This is the fourth part of a story – read Part 1 , Part 2 and Part 3 first (if you want).
Cedric leads me down more stairs into the restaurant. It feels like a refuge of the past – its sunken floor is pitted with pools and miniature waterfalls. A waiter leads us courteously across stepping stones. I cannot resist giving Cedric a quizzical smile: this is not the sort of place either of us have ever haunted. The waiter deposits us at our pavilion where two men wait for us. One is the inspector from years ago, I sigh inwardly. The other man is large and perhaps in his twenties. I find him immediately aggravating.
“Old neutrals are new friends now,” Cedric offers as we take our seats, “you remember Clement.” I barely notice him. Cedric and Clement accept their drinks from the attentive but unobtrusive waiter and settle back on the other side of the table. I stare at the other man. There’s something in him I recognise. He stammers, makes some attempt at conversation. Then he finally meets my eyes and I know what he is, and why Cedric wanted me to meet him.
The second my eyes met hers the restaurant seemed to fall away. I’d been here with the inspector for perhaps half an hour, chatting quietly and enjoying my beer. When they arrived I felt my heart stir and I knew they were Clement’s guests. They approached us with a sense of inevitability. An older man, and a slightly younger woman. At first I thought she was old because of how she dressed, then young when she sat down, quickly and sullen. She sat in silence while the other man greeted the inspector.
The woman just stared at me, without a hint of feeling. Her eyes bored into me. I try to strike up a conversation but she totally ignores me. The waiter lays the table between our moments of awkwardness and leaves. The inspector and the man in the hat have arranged themselves on the other side of the table and are just watching us. Me. I’m sitting right next to the strange woman. It makes me nervous. The edge of the world shudders.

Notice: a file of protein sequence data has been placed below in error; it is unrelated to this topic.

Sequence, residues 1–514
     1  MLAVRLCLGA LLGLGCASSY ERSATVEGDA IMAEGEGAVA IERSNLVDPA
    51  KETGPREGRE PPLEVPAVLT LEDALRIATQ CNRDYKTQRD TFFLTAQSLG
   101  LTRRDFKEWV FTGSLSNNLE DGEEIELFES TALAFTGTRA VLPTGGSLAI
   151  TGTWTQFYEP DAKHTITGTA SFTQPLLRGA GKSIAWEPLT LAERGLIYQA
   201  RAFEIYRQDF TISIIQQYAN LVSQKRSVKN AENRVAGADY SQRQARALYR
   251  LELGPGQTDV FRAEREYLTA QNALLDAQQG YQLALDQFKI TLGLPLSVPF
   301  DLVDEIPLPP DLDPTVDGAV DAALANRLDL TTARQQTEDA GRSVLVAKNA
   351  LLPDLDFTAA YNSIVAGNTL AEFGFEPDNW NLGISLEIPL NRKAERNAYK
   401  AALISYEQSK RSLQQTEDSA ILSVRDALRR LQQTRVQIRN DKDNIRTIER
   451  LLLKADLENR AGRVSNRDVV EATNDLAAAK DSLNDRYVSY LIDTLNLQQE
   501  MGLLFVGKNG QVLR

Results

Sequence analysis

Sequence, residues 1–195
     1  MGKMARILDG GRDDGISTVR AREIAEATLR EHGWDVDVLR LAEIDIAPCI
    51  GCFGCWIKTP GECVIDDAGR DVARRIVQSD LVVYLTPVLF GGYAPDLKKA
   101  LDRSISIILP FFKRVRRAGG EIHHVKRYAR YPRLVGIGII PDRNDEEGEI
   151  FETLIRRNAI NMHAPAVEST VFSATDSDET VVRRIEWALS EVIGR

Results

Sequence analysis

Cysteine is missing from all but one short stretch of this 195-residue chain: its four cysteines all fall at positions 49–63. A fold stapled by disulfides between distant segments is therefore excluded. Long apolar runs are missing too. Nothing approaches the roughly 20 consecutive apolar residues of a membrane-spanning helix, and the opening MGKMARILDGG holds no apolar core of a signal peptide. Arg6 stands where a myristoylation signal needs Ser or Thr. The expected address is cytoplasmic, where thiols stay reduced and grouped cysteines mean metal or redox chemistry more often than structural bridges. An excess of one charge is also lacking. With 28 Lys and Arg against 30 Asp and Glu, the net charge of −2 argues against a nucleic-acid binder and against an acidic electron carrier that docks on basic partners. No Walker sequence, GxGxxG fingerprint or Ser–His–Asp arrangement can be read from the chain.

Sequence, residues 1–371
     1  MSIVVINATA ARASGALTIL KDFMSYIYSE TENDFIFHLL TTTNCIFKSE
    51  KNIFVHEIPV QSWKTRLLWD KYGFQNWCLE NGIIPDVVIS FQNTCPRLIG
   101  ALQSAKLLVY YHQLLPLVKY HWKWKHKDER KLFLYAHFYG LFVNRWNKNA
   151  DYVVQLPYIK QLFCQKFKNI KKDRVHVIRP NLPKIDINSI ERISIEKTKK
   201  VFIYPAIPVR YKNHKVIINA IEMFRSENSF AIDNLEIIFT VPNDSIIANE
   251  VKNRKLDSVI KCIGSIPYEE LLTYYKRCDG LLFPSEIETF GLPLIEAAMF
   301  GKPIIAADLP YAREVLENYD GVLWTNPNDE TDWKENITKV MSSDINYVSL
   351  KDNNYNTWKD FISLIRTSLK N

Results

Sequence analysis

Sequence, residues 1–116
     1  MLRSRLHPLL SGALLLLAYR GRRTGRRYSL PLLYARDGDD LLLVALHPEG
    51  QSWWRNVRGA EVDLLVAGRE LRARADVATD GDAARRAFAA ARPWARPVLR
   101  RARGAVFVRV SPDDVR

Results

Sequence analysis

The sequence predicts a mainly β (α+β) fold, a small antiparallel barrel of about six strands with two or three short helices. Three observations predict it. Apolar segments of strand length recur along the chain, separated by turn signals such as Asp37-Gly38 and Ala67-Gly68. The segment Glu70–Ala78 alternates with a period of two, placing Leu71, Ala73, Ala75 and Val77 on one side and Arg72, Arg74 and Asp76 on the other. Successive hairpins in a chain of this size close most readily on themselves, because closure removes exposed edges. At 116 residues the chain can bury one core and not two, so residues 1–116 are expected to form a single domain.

That’s when I notice that the water around our pavilion is receding from us and the air feels darker and heavier. I look into her eyes and they’re like black holes – the darkness in them devouring the skin around her eyes. Tendrils of night stream out of her face. I lurch backwards in alarm as black cracks striate her face and clothes. I seize the knife from the table and slam it into her chest. She screams, and doesn’t stop screaming.
The skin in her face unravels becoming just one terrible mouth lined with teeth all the way down the back of her throat – the teeth hum at me hungrily. I rip the knife back out and plunge it in again as she bucks and twists in my grip. She gets too hot to hold down, the fires within pierce her smouldering flesh and she bursts into a flaming corpse. She won’t stop screaming, I can feel it tearing at my mind.
The restaurant is gone, fallen into the darkness that has enveloped us, it is just me and the screaming. With a brutal and impossible contortion of her spine her back rotates to face me and splits; a black carapace ridged with blue and red spines forces its way out of her burned flesh and swells in size. Her limbs stretch, crack and reform into a nightmarish crab-like thing that becomes enormous, looming over me dripping ichor and shaking with hatred.
With one claw it tears the roof away and the gloom clears a little – we’re standing on the roof of an old church. The monster that the woman has become squats with its hind legs gripping the steeple, its fore-claws and mandibles still shriek the horrors of the world at me. I dive under it and jab upwards with the knife again, under the jaw where I can reach. The creature involutes itself impossibly, its jaws opening underneath me. I fall down into the night.
The restaurant is quiet save for the distant chatter of other diners. I take a small sip of water and glance at my boss. He raises his eyebrow. I straighten the dinner service. “Good instincts,” I say. The man next to me is shiny with sweat, eyes wide and shaking. I hand him his knife back. He looks terrified, justly. “Don’t worry,” I say, “you get to choose”. The dark-faced man nods. “He’ll do,” I say.
I left the city that same night, the same way I came in. It feels like the last time. I don’t think there will be anything to come back for. One more point of force inside the city won’t help it now. Together, perhaps, we can stop anything getting out when the city finally does die. Until then, I’ll be here. Watching.